Demonstrated predictors for TAI include hypotension < 90 mmHg, long-bone fractures, pulmonary contusions, left scapula fractures, hemothorax, pelvic fractures, aortic intimal flap, aortic thrombus formation, multiple-trauma, widened mediastinum, and mediastinal hematomas [2, 3, 5]. In non-traumatic cases, risk factors for spontaneous aortic injuries include: older age, smoking, prior aneurysms, congestive heart failure, hypertension, diabetes mellitus,  atherosclerosis, history of cardiac surgery, congenital disorders, and inflammatory diseases [6]. Some activities such as professional sports, weight lifting, military training, skiing, and flying airplanes have been associated with both spontaneous aortic injuries and TAIs; altitude may play a role in the latter two activities [7,8,9,10,11]. Abnormally large aortic diameters have also been reported among pilots, which could be related to altitude [7]. High altitude has known physiological effects on the cardiovascular and respiratory systems including the following: increased heart rate, systemic hypertension, tachycardia, hypoxia, rising pulmonary vascular pressure, diminished inspiratory oxygen pressure, impairment in arterial oxygen transport, and augmented oxygen uptake [13,14,15].

Whether the altitude where the injury occurred is associated with developing a TAI has not been previously reported, but this potential association has great importance for physicians treating patients at high altitudes because of the high mortality rate of TAIs and need for early treatment. The purpose of this study was to compare the incidence of TAIs and characteristics of TAIs among blunt trauma injuries occurring at high and low altitude.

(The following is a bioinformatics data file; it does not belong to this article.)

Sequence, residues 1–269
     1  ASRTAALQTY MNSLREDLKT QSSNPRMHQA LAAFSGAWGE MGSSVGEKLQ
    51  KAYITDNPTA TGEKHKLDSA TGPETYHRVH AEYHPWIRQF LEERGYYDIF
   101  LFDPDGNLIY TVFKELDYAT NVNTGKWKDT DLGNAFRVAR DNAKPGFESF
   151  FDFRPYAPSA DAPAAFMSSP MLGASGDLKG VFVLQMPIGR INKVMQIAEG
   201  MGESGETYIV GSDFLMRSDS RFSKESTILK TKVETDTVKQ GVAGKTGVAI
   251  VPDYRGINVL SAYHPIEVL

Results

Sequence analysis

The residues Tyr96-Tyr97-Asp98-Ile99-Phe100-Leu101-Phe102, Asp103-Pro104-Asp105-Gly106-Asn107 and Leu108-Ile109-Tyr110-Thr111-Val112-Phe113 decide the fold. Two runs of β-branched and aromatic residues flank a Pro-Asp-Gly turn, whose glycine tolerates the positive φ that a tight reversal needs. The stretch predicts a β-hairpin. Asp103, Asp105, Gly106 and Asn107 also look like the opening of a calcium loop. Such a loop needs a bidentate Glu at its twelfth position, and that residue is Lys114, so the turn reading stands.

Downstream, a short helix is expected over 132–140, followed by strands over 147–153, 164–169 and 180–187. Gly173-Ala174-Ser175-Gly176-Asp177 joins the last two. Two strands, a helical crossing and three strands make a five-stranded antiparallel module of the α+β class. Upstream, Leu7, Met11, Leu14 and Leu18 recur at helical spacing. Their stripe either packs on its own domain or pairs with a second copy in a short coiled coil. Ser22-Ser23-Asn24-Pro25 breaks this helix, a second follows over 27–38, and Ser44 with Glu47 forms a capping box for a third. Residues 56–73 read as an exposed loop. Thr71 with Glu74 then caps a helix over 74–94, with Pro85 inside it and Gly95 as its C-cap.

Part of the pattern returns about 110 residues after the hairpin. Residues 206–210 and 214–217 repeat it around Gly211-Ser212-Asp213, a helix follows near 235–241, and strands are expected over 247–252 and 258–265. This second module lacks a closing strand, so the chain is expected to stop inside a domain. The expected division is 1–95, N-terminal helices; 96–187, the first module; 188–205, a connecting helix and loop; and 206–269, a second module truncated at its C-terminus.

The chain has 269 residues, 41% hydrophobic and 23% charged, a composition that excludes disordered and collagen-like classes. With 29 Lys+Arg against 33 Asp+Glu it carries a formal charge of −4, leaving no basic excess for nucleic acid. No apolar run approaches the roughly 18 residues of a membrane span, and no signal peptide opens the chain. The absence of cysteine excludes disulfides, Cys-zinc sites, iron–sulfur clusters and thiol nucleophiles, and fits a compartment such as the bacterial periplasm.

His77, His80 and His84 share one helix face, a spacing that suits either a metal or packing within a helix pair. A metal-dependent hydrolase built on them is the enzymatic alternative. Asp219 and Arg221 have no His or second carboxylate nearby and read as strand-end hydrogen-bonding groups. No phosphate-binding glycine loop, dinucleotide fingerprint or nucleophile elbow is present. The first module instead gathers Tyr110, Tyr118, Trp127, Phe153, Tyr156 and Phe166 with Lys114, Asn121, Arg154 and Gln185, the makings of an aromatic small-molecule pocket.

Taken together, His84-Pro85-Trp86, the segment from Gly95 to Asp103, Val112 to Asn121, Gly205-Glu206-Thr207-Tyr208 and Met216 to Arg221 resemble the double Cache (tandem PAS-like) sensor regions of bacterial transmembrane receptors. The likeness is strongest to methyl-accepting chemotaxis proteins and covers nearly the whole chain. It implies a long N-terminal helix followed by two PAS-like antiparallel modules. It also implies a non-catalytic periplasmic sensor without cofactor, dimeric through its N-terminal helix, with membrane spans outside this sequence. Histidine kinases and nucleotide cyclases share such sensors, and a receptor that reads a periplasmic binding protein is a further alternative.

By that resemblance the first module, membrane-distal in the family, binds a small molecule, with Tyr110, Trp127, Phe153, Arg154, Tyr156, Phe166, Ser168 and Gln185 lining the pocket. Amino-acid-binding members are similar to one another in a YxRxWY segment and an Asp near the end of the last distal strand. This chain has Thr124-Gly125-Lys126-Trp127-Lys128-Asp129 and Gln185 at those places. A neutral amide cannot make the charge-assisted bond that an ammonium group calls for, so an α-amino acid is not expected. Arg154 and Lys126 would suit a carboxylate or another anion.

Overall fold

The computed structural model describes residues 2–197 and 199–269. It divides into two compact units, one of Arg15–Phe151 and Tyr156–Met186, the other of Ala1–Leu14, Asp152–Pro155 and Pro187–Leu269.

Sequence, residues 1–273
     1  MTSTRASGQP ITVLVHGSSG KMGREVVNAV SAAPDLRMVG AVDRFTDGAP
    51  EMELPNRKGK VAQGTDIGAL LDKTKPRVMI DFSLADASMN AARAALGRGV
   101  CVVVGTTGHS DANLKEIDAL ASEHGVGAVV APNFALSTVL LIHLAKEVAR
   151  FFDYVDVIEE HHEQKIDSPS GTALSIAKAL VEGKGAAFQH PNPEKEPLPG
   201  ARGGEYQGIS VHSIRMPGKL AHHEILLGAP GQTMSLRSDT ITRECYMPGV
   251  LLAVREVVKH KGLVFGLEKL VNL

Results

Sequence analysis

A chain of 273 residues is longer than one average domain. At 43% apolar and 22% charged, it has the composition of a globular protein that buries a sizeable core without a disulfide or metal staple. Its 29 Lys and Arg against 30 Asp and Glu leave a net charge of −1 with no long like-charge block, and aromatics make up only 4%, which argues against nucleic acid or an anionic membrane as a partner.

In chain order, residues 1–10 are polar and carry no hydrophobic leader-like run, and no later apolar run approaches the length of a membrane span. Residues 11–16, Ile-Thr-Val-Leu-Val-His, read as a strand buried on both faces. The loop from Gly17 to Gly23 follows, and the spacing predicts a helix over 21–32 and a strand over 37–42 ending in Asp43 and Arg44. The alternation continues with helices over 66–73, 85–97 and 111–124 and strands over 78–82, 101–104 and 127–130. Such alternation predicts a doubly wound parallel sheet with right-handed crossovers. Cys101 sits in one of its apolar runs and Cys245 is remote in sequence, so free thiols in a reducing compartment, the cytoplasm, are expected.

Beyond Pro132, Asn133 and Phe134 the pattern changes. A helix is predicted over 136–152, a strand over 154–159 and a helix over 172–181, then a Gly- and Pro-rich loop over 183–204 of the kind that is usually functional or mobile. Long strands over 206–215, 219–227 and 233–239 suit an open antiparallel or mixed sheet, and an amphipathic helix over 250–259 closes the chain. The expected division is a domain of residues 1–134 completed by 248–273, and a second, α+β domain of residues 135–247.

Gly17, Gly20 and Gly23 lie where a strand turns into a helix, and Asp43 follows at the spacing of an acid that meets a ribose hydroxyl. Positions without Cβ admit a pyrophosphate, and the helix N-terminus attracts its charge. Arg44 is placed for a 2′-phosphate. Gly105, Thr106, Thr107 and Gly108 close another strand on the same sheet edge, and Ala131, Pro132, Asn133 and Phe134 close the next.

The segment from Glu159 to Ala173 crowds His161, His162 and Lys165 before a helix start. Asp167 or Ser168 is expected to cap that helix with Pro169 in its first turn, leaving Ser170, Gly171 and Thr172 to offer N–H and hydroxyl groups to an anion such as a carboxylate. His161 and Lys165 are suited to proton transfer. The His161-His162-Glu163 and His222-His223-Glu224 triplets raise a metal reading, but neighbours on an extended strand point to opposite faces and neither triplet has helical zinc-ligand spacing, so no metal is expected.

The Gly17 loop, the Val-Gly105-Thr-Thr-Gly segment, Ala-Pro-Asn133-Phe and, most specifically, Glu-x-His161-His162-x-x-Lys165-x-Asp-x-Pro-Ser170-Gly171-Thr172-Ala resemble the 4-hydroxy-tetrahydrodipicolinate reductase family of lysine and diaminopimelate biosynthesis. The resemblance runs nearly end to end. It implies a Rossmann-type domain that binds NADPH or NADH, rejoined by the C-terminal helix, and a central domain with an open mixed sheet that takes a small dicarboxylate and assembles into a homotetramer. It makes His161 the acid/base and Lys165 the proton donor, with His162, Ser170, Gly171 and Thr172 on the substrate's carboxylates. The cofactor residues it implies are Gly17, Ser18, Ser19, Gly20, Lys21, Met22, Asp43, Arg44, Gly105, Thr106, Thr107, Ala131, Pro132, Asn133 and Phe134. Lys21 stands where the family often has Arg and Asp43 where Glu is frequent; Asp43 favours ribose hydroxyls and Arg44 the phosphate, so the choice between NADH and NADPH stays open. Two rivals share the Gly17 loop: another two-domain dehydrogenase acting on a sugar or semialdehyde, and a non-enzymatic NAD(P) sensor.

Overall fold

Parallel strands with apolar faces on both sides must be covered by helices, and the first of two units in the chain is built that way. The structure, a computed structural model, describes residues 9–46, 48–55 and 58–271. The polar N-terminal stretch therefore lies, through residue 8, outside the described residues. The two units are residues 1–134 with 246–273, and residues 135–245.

This was a retrospective study including adult blunt trauma patients admitted 8/1/2016 to 1/1/2020 to six level I trauma centers with an Abbreviated Injury Scale (AIS) score ≥ 2 points for the chest or abdomen regions; penetrating trauma and patients suffering from burns were excluded. This study was approved by the following four institutional review boards (IRB) representing all six participating trauma centers with a waiver of consent: Medical City Plano IRB (Study No: 1544946), CommonSpirit Health Research Institute IRB (Study No: 1544941), HCA-HealthONE IRB (Study No: 1543632), and Western IRB (Work No: 1–1,272,926). Patients were categorized into two groups based on the altitude where their injury occurred: patients whose injuries occurred > 5000 ft above sea level will be referred to as high altitude patients and patients whose injuries occurred ≤ 5000 ft above sea level will be referred to as low altitude patients. The zip code where the injury occurred was used to assign altitudes. When the zip code where the injury occurred was missing (n = 1719, 20%), the initial admitting facility’s altitude was used, which could have been one of the six participating trauma centers or a different facility which later transferred the patient to one of the six participating trauma centers.